Crisis, religion and resilience
How the Jewish community of Venezuela survives under Maduro
Many of their ancestors had fled the pogroms and the Holocaust. Their families adapted to the tropics and contributed to the progress of their new homeland. They were survivors. These days, a younger generation of Jewish people in Venezuela is again struggling to survive, in the midst of one of the gravest humanitarian catastrophes of contemporary history. Their community and their religion is the glue that holds their lives together in a collapsed country.
From the 1940s to the 1990s, Venezuela was home to a small but flourishing Jewish community. When president Chávez´s first mandate commenced in 1999, an estimated 25.000 Jews lived in the country, most of them in the capital Caracas. Today, only about 7000 remain. The others have joined the mass exodus of millions of Venezuelans.
In 2009, I became aware of the existence of the Jewish community in Venezuela after a series of robberies and desecrations in synagogues and other Jewish facilities. I then interviewed the spokesman of the community, Salomon Cohen, and talked to several other Jewish people. They were as open and easy going as most other Venezuelans I knew. Their ancestors had immigrated from East Europe and North Africa but they had become real latinos and were proud of it.
The community has become more closed off
Ten years later, in 2019, I was again in Caracas. The city had changed for the worse. Supermarkets were full with imported goods but only very few Venezuelans could afford them. Constant power outages had levelled the remains of the economy. Journalists were thrown into prison or beaten up by the state police. Opposition leader Juan Guaidó was constantly calling his followers to march on the streets but most Venezuelans were tired of risking their lives in protests which in the end didn’t change anything. Albeit US-sanctions, the responsibles for this humanitarian, economic and political disaster, president Nicolas Maduro and his entourage, were not willing to convene free elections. All in all, it was a nightmare.
And there I was, somehow trying to reconnect with the Jewish community. I started calling old numbers. Almost all were out of service. I went to see friends. I interviewed one of the official spokespersons of the community. I even randomly visited kosher bakeries and butcheries in San Bernadino.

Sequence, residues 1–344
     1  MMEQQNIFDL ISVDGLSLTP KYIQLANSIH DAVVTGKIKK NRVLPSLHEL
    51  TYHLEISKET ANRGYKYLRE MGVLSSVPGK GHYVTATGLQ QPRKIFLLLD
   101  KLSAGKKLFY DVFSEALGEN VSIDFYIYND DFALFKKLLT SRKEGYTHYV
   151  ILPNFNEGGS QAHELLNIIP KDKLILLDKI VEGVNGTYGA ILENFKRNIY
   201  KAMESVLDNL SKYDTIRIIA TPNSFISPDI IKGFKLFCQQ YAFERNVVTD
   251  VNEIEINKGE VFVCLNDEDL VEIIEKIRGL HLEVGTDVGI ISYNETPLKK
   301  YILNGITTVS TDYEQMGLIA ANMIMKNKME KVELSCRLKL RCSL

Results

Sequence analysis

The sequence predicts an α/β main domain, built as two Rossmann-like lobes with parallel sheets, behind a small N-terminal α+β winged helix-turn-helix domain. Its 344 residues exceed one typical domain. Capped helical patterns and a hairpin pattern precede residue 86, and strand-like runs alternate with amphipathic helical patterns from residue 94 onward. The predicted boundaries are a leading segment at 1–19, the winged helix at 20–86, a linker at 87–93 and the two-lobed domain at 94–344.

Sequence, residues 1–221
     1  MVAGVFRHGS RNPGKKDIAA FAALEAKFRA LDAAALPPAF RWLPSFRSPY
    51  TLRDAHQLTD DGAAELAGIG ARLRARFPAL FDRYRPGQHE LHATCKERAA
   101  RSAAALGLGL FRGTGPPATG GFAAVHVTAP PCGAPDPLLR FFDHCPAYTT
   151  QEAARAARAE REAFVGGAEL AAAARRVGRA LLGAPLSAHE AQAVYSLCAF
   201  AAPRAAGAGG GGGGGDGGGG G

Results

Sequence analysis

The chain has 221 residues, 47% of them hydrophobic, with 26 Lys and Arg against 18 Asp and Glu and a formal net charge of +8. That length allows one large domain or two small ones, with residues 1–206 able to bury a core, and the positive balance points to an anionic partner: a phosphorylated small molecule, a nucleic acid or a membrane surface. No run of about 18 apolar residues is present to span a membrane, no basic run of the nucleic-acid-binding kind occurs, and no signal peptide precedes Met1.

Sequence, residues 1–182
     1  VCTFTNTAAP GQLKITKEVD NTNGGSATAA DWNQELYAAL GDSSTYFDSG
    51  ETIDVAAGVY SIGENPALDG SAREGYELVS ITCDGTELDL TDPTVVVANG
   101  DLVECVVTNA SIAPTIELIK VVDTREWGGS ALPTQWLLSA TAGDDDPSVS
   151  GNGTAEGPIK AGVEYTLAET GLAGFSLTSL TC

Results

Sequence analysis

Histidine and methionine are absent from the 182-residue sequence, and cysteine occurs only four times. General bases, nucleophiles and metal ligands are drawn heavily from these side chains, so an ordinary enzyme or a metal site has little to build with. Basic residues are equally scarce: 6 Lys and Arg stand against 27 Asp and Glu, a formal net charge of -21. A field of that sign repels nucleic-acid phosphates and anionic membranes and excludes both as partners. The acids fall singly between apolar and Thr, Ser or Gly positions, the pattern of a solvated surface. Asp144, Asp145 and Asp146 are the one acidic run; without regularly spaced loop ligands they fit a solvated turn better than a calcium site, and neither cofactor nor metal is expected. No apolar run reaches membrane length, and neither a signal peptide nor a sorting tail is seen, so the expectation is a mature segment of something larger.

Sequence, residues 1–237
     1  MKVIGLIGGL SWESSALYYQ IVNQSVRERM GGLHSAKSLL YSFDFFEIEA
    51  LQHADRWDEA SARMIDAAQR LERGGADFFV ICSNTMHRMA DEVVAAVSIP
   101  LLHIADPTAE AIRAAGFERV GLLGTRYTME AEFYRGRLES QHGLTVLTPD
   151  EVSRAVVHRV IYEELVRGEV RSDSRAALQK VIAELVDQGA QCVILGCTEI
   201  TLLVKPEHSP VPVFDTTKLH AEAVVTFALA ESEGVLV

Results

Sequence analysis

No-one wanted to appear in front of the camera. It was obvious, the political climate had changed. “The community is afraid of the government and tries to go unnoticed and to avoid anti-Semitic acts or to ensure that it can remain in the country and continue with its religious practices”, a Jewish friend had written me. The Jewish community had become more closed off. I started to doubt: why was I so interested in the topic anyways. Was it some unconscious German feeling of guilt?
Religion is resilience
One particular afternoon I sat in the neat garden of a wealthy textile businessman in a high class neighbourhood of Caracas. Electricity had gone out again in the entire country. I couldn’t work. I couldn’t shower. I couldn’t buy groceries. I could move in the city only with difficulties. I began to feel the way most Venezuelans felt. That I had lost focus. I was simply waiting for something I couldn’t decipher.
My Jewish acquaintance asked me if I was religious. I told him that I didn’t belong to any religious community. “This must be hard”, he contested. “You must feel terribly alone.”
I suddenly knew why I was interested in this topic. These Venezuelan Jews had something in common that many of their compatriots lacked: a community beyond family ties that helped them to survive in the midst of collapse.
Religion was not only about praying and believing. For many people it was about being part of a community and supporting each other. It permitted resilience. Finally, it made click in my head.